Thinking about building an energy efficient home? Read our guide to improving the environmental sustainability of your home – from solar power to window placement.
Energy efficient house features:
Creating an energy efficient home design to lessen negative environmental impacts involves improving energy efficiency, reducing waste, and utilising renewable and responsibly-sourced materials in the building and construction process.
With energy derived from finite fossil resources being Australia’s largest contributor to greenhouse gas emissions (1), taking steps to improve energy efficiency in the home is a powerful way for individuals to reduce their carbon footprint.
One of the best times to consider energy efficient house features is when you are in the process of building a new home or making additions or alterations to an existing property. At Ecoliv, our aim is to create homes with the highest possible energy rating that minimise the need for artificial heating and cooling and the associated financial and environmental costs.
What is an energy efficient home?
Energy efficiency is one of the key tenets of green building design and a primary factor in making homes more environmentally friendly. Energy efficient homes reduce wasted energy usage, greenhouse gas emissions, the reliance on non-renewable energy resources, and even lower energy costs.
The energy efficiency of a home is measured by the National Home Energy Rating Scheme – also known as NatHERS– which uses data from scientific research by the Commonwealth Scientific and Industrial Research Organisation (CSIRO) to estimate home energy consumption for heating and cooling. This rating gives the home a score between zero and 10 stars.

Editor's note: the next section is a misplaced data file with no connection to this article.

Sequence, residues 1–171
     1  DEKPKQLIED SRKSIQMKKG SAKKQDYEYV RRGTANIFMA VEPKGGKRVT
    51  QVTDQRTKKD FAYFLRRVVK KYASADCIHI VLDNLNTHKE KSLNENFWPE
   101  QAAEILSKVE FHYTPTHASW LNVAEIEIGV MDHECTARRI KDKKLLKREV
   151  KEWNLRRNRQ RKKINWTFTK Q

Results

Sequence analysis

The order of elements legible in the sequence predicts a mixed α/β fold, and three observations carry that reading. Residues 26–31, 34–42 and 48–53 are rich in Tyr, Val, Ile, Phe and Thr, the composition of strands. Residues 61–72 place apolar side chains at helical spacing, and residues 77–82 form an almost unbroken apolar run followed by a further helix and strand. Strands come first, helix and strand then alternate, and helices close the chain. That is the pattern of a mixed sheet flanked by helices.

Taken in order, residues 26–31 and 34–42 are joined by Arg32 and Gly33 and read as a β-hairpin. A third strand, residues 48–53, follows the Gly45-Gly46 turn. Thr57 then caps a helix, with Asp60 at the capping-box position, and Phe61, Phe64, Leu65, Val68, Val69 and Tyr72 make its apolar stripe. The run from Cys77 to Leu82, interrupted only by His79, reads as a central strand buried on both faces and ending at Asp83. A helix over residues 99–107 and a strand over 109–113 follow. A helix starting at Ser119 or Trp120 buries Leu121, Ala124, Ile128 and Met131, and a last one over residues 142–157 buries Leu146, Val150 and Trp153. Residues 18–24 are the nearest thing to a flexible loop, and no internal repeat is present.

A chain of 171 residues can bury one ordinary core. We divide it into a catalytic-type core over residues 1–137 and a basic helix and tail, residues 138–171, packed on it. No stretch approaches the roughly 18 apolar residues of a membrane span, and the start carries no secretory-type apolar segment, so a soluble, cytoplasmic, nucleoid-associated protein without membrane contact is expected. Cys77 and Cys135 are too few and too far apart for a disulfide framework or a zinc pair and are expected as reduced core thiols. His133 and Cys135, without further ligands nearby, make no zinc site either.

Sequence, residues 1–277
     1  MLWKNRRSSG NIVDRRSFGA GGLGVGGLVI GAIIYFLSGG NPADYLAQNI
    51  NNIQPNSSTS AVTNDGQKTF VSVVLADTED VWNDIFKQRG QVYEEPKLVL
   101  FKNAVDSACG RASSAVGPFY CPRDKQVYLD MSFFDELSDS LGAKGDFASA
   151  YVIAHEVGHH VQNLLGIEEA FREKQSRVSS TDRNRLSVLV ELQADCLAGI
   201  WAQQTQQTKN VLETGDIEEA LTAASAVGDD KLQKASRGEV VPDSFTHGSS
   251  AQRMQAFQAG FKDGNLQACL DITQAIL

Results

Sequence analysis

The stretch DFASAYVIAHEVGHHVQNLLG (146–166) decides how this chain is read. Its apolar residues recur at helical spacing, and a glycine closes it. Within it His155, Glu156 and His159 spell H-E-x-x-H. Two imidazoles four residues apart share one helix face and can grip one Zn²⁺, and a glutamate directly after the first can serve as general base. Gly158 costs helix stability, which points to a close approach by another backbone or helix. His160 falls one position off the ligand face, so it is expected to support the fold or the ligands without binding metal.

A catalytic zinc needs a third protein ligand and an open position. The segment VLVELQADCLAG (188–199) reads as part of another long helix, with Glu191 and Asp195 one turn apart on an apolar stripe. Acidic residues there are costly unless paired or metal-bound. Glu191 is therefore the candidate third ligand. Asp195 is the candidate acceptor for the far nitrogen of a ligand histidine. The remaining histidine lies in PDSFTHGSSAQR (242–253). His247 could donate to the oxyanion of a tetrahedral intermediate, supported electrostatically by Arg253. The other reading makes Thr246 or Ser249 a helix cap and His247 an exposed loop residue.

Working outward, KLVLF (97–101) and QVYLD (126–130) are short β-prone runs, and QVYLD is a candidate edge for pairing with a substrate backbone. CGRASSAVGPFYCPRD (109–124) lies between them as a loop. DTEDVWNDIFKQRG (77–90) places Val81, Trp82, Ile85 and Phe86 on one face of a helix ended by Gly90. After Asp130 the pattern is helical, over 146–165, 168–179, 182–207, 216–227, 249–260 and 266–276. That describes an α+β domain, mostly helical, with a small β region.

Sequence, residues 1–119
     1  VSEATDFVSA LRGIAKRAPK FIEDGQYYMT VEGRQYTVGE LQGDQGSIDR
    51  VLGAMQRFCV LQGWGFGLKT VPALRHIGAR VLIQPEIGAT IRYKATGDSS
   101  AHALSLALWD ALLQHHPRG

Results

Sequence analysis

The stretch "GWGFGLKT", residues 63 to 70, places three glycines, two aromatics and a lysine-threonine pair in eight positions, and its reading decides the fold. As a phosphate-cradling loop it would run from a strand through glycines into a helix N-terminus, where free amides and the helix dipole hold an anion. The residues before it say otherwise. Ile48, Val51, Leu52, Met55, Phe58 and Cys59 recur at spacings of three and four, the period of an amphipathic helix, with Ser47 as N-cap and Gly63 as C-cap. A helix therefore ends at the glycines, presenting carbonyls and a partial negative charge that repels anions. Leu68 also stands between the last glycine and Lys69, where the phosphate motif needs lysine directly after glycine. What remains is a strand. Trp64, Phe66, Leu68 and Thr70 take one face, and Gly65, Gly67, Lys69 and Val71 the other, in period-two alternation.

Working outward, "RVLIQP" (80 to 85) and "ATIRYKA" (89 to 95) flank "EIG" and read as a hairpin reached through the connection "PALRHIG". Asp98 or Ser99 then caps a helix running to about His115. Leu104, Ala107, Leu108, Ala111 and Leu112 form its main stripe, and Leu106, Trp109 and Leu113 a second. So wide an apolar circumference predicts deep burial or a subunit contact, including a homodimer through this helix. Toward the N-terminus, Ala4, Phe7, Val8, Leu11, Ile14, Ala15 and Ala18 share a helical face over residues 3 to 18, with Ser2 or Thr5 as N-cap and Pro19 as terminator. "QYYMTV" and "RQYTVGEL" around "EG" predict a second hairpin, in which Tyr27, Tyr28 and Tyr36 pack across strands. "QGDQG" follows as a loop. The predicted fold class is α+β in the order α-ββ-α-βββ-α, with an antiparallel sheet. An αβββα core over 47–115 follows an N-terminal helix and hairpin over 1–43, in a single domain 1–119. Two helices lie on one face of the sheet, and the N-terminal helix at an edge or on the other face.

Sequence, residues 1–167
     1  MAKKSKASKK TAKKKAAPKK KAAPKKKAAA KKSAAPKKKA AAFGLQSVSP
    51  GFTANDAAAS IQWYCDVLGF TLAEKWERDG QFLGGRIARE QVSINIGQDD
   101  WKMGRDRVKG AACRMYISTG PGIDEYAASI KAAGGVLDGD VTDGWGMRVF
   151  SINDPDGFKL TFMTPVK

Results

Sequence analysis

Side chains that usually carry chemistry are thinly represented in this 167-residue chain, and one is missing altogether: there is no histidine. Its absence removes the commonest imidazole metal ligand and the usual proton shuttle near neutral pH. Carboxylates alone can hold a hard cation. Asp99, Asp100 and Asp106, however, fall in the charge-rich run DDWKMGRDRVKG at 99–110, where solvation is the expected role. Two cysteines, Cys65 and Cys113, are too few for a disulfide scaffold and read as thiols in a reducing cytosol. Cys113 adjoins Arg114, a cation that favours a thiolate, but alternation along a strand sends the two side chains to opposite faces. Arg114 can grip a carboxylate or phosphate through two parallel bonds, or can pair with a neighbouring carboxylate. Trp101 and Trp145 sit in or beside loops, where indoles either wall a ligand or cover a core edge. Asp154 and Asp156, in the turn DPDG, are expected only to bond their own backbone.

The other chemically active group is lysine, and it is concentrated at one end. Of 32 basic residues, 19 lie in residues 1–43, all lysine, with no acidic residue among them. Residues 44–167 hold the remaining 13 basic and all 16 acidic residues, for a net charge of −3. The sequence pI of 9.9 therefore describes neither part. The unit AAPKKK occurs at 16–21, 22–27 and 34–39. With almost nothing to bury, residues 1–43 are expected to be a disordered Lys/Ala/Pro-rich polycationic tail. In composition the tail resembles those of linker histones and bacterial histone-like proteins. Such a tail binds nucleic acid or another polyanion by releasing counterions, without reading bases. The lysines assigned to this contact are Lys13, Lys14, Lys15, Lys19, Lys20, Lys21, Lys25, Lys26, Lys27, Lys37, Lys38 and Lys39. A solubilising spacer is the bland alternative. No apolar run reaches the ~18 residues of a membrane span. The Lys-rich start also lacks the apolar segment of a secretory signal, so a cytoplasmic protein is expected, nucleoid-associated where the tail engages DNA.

According to NatHERS, the rating system ‘helps make Australian homes more comfortable for their inhabitants and also helps residents to save on energy bills through smarter design choices (3)’.
In Australia, all new residential buildings, home renovations, alterations and additions need to meet a minimum of six stars. At Ecoliv, we have a minimum seven-star energy rating for all our sustainable modular homes. This one star increase might not sound like much but it can reduce heating and cooling energy needs and the associated energy bills by 30 percent (4).
Ventnor 1 Project
Energy efficient home features: From insulation to roof materials to appliance selection
According to a 2008 report by the Department of the Environment, Water, Heritage and the Arts, heating and cooling accounts for 40 percent of the overall energy use around the home. But there’s more to energy efficiency than simply switching off the lights when you’re not using them — it’s important to consider the bigger picture of how energy is consumed (and wasted) in the home.
There are numerous ways to improve energy efficiency from better insulation and more energy-saving appliances to building orientation and the position of windows, doors and skylights as well as being able to properly regulate the temperature of the home.
Homes with high performing energy efficient design and a significantly better star rating maintain moderate temperatures, lower humidity, and increased air quality. This results in a reduction in the need for artificial heating and cooling.
Learn about the features of energy efficient homes and how this aspect of sustainable building design can lessen negative environmental impacts, lower the carbon footprint of your home and even decrease financial costs associated with energy consumption.